“I fear you mock me, sir, when all I desire is to settle our lives so we can each go our separate ways.  Please just agree with me that this solution would be best and we shall be finished with it.”

“I do not mock you, Emily,” Jonathon spoke softly, “but even if I wanted to, which I do not, I could not agree to your plan.”

“Why ever not?” she cried near tears.

“Because your father’s will states that I hold everything in trust for you until you marry.  Or, if you do not marry, until you reach age twenty-one.  I am afraid you cannot be on your own until such time.”


THE BRENTWOOD SAGA, a bundled release of two complete novels, LOVE’S DESTINY and LOVE’S SPIRIT, is a July 2017 release from Crimson Romance, part of Simon and Schuster Digital Sales, and may be purchased from these retailers: Amazon, Barnes & Noble, iTunesKobo and Simon and Schuster .


About Elizabeth

Believer in dreams-come-true and self-confessed chocoholic, Elizabeth Meyette is the author of four novels. THE CAVANAUGH HOUSE and its sequel, BURIED SECRETS, are mysteries set in 1968 in the Finger Lakes region of New York State. LOVE’S DESTINY and LOVE’S SPIRIT are historical romances set in colonial Virginia and are available together in THE BRENTWOOD SAGA bundle.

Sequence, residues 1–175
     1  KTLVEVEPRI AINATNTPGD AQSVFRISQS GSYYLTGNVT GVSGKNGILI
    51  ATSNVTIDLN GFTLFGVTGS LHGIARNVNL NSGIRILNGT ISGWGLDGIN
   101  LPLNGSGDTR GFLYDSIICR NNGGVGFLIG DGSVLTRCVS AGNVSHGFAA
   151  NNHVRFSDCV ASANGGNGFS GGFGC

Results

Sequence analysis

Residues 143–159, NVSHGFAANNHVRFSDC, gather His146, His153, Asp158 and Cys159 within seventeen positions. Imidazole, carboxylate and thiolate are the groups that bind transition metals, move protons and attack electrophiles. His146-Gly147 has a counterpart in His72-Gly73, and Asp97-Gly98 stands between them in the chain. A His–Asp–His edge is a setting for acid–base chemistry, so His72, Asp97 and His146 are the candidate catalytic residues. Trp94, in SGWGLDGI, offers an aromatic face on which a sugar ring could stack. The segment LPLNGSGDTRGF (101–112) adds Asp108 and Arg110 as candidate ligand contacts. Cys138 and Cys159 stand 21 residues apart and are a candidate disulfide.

Elizabeth is an Amazon Best-selling author, a PAN (Published Authors Network) member of Romance Writers of America, a member of Sisters in Crime and a member of the Society of Children’s Book Writers and Illustrators.

Before pursuing her writing career full time, Elizabeth taught English, Journalism, and Library Science/Technology. After retiring from teaching, Elizabeth embarked on her writing career full-time and, in addition to her four novels, has published poetry, magazine articles and her blog site, Meyette’s Musings. A friend said of her, “You haven’t retired, you’ve refired!” She is currently working on her fifth and sixth novels.

Elizabeth and her husband, Richard, live in west Michigan where they enjoy the beauty of the Great Lakes. They have an agreement that she cannot cook on writing days after he endured burnt broccoli and overcooked chicken.  Fortunately, Richard is an excellent cook.

Stay in touch with Elizabeth through her Website, Blog, Amazon Author Page, Facebook. Twitter. Goodreads, Pinterest and Linked In.